So you know, potentially using inflation protected assets, whether it be indexed funds or something along those lines. But there are options out there to make sure that you're keeping up with inflation. The housing market, you know, who knows what's what's going to continue to happen there. You know property values are still very high, so there's some strategies that that works really well for gifting. But then the other the flip side of that is also being mindful that the current tax law and even the the sunset they both provide at this point for a date of death, fair market value, step up of your assets. So if you if you're somebody that has real estate with a large built-in unrealized gain, it might be best to keep that in your state and and die with it in your estate and give your hairs a stepped up basis.

So that's something to to think about and plan around. And then with with private business interests, you need to make sure that you've got proper valuations in place and succession planning. You know, they're looking at buy sell agreements is very critical.
You know, some, some people I've worked with, it's their wishes that upon the moment they pass away that steps are supposed to be initiated, that that business would be immediately sold. It's other people's wishes that it'll go to family. You know, there's. You just need to make sure that you've got all of your agreements up to date and people know what your wishes are upon your passing.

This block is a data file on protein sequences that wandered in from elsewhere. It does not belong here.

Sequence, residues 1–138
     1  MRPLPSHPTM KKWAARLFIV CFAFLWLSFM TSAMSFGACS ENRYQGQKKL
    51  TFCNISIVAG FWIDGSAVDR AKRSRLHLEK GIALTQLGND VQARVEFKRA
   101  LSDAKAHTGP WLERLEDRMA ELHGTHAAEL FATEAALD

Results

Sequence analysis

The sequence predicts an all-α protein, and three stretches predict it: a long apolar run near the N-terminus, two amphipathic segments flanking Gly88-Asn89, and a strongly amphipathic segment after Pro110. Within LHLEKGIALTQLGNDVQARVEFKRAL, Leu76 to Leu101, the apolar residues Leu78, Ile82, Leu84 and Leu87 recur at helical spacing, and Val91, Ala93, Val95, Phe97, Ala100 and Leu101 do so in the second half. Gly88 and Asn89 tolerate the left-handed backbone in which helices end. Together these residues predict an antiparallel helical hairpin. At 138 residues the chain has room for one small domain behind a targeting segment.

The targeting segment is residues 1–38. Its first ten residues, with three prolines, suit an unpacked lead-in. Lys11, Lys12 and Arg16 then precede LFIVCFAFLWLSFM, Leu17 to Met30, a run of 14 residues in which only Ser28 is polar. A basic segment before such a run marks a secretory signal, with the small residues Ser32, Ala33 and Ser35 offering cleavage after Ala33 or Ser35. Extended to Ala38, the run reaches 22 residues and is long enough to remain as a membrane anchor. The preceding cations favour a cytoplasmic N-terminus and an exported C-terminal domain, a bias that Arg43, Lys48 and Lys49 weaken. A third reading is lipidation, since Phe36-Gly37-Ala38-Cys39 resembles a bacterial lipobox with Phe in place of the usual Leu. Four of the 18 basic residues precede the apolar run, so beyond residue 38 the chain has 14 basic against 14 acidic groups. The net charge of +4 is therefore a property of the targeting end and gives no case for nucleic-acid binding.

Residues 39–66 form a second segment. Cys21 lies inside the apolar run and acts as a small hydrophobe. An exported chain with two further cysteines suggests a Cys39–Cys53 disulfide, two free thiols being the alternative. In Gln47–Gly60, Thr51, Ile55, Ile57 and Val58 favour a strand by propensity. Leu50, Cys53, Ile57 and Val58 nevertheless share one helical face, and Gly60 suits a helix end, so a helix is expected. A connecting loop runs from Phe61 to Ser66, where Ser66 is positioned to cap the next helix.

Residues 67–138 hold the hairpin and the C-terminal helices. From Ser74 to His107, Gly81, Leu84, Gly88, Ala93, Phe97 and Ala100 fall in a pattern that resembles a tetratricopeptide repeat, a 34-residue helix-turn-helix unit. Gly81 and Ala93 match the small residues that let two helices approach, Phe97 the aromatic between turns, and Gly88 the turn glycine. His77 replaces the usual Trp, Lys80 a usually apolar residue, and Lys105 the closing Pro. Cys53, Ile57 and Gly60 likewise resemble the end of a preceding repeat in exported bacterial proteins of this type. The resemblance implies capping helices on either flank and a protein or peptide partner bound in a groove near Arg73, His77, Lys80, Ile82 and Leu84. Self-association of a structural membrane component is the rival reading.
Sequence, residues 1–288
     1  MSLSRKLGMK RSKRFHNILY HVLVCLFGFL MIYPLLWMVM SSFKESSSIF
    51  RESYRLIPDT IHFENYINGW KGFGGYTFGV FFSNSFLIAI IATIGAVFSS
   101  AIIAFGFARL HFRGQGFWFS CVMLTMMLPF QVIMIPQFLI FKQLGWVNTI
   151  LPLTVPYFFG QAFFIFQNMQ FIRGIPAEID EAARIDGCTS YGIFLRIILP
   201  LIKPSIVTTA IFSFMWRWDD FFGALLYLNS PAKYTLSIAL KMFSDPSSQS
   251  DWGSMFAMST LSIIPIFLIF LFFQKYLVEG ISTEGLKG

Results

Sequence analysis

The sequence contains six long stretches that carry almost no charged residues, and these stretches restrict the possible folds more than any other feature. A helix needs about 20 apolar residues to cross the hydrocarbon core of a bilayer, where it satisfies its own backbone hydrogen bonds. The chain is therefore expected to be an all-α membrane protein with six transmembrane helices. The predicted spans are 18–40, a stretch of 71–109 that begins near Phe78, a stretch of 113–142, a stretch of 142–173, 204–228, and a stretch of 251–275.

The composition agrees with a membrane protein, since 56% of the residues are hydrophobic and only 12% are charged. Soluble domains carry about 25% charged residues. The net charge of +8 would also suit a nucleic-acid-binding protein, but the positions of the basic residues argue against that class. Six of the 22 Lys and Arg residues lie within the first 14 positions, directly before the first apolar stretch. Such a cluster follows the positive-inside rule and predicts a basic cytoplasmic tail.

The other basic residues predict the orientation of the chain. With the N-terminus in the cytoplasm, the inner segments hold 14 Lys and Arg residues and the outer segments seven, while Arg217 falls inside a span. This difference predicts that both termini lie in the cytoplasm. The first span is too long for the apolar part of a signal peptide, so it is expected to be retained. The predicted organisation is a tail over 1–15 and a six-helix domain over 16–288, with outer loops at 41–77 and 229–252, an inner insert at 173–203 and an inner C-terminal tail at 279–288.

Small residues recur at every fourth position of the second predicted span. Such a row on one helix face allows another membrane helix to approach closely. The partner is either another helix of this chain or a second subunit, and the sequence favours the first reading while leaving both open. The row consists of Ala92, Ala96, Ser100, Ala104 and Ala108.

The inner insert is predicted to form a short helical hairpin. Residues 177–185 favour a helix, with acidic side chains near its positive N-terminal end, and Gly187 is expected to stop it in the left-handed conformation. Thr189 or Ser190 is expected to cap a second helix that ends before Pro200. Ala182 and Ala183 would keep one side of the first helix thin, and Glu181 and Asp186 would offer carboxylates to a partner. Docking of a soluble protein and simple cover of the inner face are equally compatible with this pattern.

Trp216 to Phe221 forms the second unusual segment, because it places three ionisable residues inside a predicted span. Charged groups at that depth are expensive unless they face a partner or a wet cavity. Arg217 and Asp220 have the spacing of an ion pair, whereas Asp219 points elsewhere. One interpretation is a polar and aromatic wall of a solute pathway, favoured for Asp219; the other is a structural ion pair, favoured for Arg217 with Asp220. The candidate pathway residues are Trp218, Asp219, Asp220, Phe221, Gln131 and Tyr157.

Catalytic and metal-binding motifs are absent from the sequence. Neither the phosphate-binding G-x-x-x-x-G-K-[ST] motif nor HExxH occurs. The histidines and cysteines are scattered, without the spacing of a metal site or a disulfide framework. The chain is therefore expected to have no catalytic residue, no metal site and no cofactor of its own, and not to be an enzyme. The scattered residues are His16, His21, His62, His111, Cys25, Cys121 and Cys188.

Amy B. Klatt: Yeah. Thank you. That's that's a really great. So and we have another question or two, but really along the same lines of the the trends and and things that are ever changing with this area Secure Act 2.0, I'm sure that you've been getting a lot of questions about that and I know that we've had some as well. So in what ways does the Secure Act 2.0 alter retirement and estate planning and and do you have recommended steps that client should consider to think about regarding that?

Stacy A. Weller: Yeah, sure. I mean the Secure Act 2.0 was yet another twist in retirement planning. As I as I view it and you know the big the big change in there is that the updates to required minimum distribution ages. So that would be the the timeline of when you are required to take money out of a retirement account. So your IRA's, your 401K's, et cetera.
So you just need to make sure that you know you know you're required date, that your you know feel like I'm saying required a lot here. You're required to take money out of those accounts so you don't get penalized.

There are specific rules and the IRS will penalize you if you're not meeting those requirements. So just be mindful that those have changed and work with your advisors to be sure you're meeting those you wanna make sure that. I mean, this is always good advice, but you wanna really take a a few minutes and look at your beneficiary designations on those types of accounts. Your IRA's, 401K's, etcetera. They can all be beneficiary designated, so you do want to be mindful that those are the right people.
You know if if if you've updated all of your other documents, your will you've set up trusts, etcetera.

It's important to make sure that all of the beneficiary designations tie into the rest of the plan. So you have to be intentional and make those adjustments. Umm Roth conversions. So Roth IRA conversions are really powerful tool to basically move taxable IRA money into a non taxable IRA and this has been around for a little while now. The big thing here and when I'm working with clients, I really try to analyze what type of tax rates my clients would be exposed to now versus in retirement, so that we are making a tax conscious decision when determining if a Roth IRA conversion works there.